Once we’d all settled into Snape, the two-metre rule didn’t get in the way of how thrilled we all were to be making something. After such a stressful year, it felt very special to be collaborating with such talented creative people, and to have such a rich story to explore. The moment I heard the musicians start up, I was giddy with excitement. Besides the fact that it had been months since I’d heard live music of any kind, hearing what I’d written manifested by these fantastic players made me realise what magical potential the piece might have.


Image: Violinist Nicola Lyons and guitarist David Delarre, at their socially-distanced musicians’ station.

Open processes

The aims of the week were a little uncertain even as it began. Although we were aware that a film maker was coming in on the Friday to record us for the Festival of New, we decided early that we were not going to try and produce some version of part of the show. We only had a week, after all; but more than that, we wanted to use the time to play and explore, not fix things down.

The time at Snape was very special in that they didn’t expect anything from us at the end: no production, not even a particular outcome. And that’s very unusual in the arts, which is a shame, because sometimes I find that the pressure of an outcome actually makes the work worse.

You rush into decisions that don’t serve the piece because the deadline causes panic and it’s a relief to find any solutions at all. It’s important in creative work to allow time to let things grow and change. Because once things are fixed down, you become attached to them, and it’s very difficult to jettison them later, even if you can see that they’re all wrong. It would be like learning to cook a meal before exploring the basics of flavours: you can cook one meal, sure, but whether you like it or not, you’ve no idea how to change it. And besides, I still only had a first draft of the songs, and a very rough idea of scenes and dialogue. I needed to stay open to major changes in the plot, characterisation, and style (a challenge to my ego, but the best thing for the piece!) so that I could come out of the R&D able to write a decent second draft.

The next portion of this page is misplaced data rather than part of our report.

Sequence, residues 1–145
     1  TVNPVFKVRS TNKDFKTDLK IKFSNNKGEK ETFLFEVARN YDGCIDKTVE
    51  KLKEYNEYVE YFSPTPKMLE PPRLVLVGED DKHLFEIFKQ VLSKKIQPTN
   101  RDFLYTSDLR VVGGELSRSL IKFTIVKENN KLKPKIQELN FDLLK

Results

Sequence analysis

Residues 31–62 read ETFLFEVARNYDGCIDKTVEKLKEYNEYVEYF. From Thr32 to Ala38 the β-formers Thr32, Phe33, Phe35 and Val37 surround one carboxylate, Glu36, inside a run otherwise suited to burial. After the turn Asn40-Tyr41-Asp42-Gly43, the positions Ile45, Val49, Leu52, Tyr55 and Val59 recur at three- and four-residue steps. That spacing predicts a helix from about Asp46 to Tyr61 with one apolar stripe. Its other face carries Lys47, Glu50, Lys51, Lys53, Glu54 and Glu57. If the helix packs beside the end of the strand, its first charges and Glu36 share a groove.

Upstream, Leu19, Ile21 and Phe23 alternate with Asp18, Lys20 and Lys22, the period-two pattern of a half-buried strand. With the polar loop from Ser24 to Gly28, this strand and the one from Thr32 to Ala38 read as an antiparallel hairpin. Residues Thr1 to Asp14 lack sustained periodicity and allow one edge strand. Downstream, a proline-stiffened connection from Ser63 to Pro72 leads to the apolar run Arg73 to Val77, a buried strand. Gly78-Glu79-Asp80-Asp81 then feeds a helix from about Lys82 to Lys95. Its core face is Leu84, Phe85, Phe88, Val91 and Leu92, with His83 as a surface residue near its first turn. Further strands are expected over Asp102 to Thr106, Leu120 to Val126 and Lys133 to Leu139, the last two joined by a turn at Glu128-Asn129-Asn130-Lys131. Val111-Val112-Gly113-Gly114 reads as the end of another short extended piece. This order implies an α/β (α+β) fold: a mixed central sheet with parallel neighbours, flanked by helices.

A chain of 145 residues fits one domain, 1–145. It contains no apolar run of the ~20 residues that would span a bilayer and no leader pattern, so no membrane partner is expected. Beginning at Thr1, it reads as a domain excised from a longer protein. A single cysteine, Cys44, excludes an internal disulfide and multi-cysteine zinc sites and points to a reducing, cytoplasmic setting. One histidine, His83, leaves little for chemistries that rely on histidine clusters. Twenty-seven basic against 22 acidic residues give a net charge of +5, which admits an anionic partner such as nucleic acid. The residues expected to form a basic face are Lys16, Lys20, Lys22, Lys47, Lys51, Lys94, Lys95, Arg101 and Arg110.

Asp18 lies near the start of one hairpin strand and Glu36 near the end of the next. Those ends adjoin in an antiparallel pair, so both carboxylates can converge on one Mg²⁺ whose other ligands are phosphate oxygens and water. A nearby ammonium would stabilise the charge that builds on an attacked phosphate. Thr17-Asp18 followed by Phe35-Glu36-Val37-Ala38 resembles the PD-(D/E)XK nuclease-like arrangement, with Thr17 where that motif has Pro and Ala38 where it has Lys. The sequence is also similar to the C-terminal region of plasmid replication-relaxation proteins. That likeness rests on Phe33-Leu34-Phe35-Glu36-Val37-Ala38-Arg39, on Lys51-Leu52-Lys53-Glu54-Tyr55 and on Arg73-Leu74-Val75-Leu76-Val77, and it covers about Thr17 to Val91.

I also had lots of things I wanted to try out musically with the actor-singers, having never heard the songs I’d written except in my own demos, where I’d layered up my own voice on my recording software to represent a group of characters.

Outside expertise

Tinuke was keen to explore the theatrical language of the piece; how it might look and—with Martin’s input—how it might move. She was particularly interested in how to dramatically express the fairies, especially to an audience who might not be familiar with the specificities of Irish folklore. How naturalistic was the piece going to be? Did we need named characters and an ensemble, or could we work with a core group of actor-singers who moved between roles?

Alan wanted to me to make sure that the themes of the piece were as realised as possible; namely the fairies, Irish nationalism, and the role of the Catholic Church in this community. He gave us a series of fascinating presentations on these themes, and led discussions afterwards that really helped me to anticipate what an audience’s reaction to them might be.